Air Power Australia
Times Online UK: Britain considers £9bn JSF project pullout
29th September 2008
From Times Online
September 28, 2008
Britain considers £9bn JSF project pullout
BRITAIN is considering pulling out of a £9 billion project with America to produce the new Joint Strike Fighter (JSF) aircraft, intended to fly off the Royal Navy's forthcoming aircraft carriers.
The move is part of an increasingly desperate attempt to plug a £1.5 billion shortfall in the defence budget. The RAF's 25 new Airbus A400 transport aircraft could also be at risk.
Studies have now been commissioned to analyse whether Eurofighters could be adapted to fly off the carriers.
If Britain abandons the JSF, it will be seen as a further snub to the Americans following Gordon Brown's decision last week not to send 4,000 more troops to Afghanistan.
Only a week earlier, during a visit to London, Robert Gates, the American defence secretary, had said he understood Britain would be sending more troops to meet what commanders say is a 10,000 shortfall.
The possible ditching of the JSF results in part from spiralling costs that have seen the price of the planned 150 British aircraft rise from the original £9 billion estimate to £15 billion.
Britain has already paid out £2.5 billion in preliminary costs but next spring must start paying for actual aircraft. At that point it is committed to the entire project whatever the price.
Once full production begins, Britain will be paying more than £1 billion a year for the aircraft, exacerbating the already dire state of the Ministry of Defence (MoD) budget.
"That has really concentrated minds at the MoD," said Francis Tusa, editor of Defence Analysis. "Put simply no-one has the faintest idea how much this project will cost."
The cost is only part of the problem. There is serious concern over the aircraft's lack of firepower as it can only carry three 500lb bombs, compared with as many as eight on the Eurofighter.
There is also increasing frustration over the continued American refusal to share information on the technology involved.
President George Bush signed a deal with Tony Blair shortly before the former prime minister handed over to Gordon Brown, promising to share top secret technology with Britain.
The deal has still to be ratified by Congress and the Senate foreign relations committee has written to Bush warning him it will not now be ratified until the new president takes office.
There is consternation over the lack of information Britain is receiving on the aircraft and this country's lack of input into designing its capability.
BAE Systems, manufacturer of the RAF's Eurofighter, has been asked to produce a study into whether it could be flown from the carriers, which are due to enter service in 2014 and 2016.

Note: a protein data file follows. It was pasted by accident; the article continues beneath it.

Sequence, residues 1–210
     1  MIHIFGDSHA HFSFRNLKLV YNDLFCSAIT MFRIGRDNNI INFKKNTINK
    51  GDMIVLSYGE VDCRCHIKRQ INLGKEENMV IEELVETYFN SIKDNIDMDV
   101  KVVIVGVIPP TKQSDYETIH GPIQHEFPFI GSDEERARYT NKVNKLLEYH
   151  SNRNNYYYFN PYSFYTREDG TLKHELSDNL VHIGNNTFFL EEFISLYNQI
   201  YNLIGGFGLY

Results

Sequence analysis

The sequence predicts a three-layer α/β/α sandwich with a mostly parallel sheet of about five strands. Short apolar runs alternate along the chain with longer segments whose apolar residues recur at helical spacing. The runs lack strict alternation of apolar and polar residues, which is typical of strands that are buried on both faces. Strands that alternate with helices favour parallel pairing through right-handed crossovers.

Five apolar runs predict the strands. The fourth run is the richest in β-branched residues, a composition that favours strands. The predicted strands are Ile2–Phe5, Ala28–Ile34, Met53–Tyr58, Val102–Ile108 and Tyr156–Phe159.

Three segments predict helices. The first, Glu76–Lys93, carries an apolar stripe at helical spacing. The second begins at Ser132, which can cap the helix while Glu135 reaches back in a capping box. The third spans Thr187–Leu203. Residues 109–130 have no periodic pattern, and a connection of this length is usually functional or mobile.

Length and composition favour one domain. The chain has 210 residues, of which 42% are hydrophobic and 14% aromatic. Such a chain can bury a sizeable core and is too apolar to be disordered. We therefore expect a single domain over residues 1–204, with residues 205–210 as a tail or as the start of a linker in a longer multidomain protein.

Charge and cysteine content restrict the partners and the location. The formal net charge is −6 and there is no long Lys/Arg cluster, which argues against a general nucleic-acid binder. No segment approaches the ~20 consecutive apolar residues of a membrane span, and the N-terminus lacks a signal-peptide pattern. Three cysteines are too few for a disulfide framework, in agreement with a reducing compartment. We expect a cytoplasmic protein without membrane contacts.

The JSF is a short-take-off-and-vertical-landing (STOVL) aircraft similar to the Harrier aircraft that are currently being flown off the Royal Navy's two old carriers.
Flying Eurofighter from the new carriers would require pilots to learn a completely new skill of landing conventionally at sea — a task likened by experts to a "controlled crash".
It would also require the Eurofighter fuselage to be strengthened, the attachment of an arrestor hook to stop the aircraft on landing, and protection against saltwater erosion.
The BAE Systems study, carried out earlier this year, determined that the aircraft could be built to land on carriers without major difficulty.
A company spokesman would only confirm that the study had been carried out and that the MoD had seen the results which confirmed the aircraft could be adapted to fly off carriers.
Replacing JSF with some of the 232 Eurofighters the RAF is committed to buying would be attractive for the Treasury, which has always wanted to find ways to cut its £16 billion cost.
The deal committed all four major partners — Britain, Germany, Italy and Spain — to paying for all the aircraft they originally ordered even if they later decided to cut the numbers they needed.
The cost of the project, now running at close to £1.2 billion a year, is the biggest single contributor to the £1.5 billion shortfall in the defence budget.
Efforts to stave off the payments dragged the government into the controversy over the decision to call off a Serious Fraud Office investigation into alleged bribes paid by BAE Systems.
The probe into the company's £43 billion al-Yamamah arms deal with Saudi Arabia was expected to examine the bank accounts of members of the Saudi royal family.
A £6 billion deal under which Saudi Arabia agreed to take 72 Eurofighters from Britain — earning the MoD a two-year payments holiday on its own aircraft — was dependent on the probe being called off.
That has only served to focus attention on the fact that when the payments holiday ends, Britain will be committed to a decade of paying well in excess of £2 billion a year for two different strike aircraft.
The additional measure of cancelling the military version of the Airbus A400 would only save a total of £1.5 billion but is attractive to the Treasury because it would cost nothing.
The aircraft has consistently failed to meet deadlines with manufacturer EADS admitting last week that it could not meet the deadline for the first test flight.
"The RAF and the MoD would prefer to enforce penalty clauses providing compensation for delays while continuing with the project," said defence sources. "But the Treasury would happily bin it."
The MoD said "marinising" Eurofighter had been looked at as an option but "JSF remains our optimum solution to fly off the carriers".
A spokesman said Britain remained "fully committed to the defence trade cooperation treaty and we are working closely with the American administration to find a way forward."
Dr Carlo Kopp, MIEEE, SMAIAA, PEng
Defence Analyst and Consulting Engineer
Editor: Air Power Australia @ http://www.ausairpower.net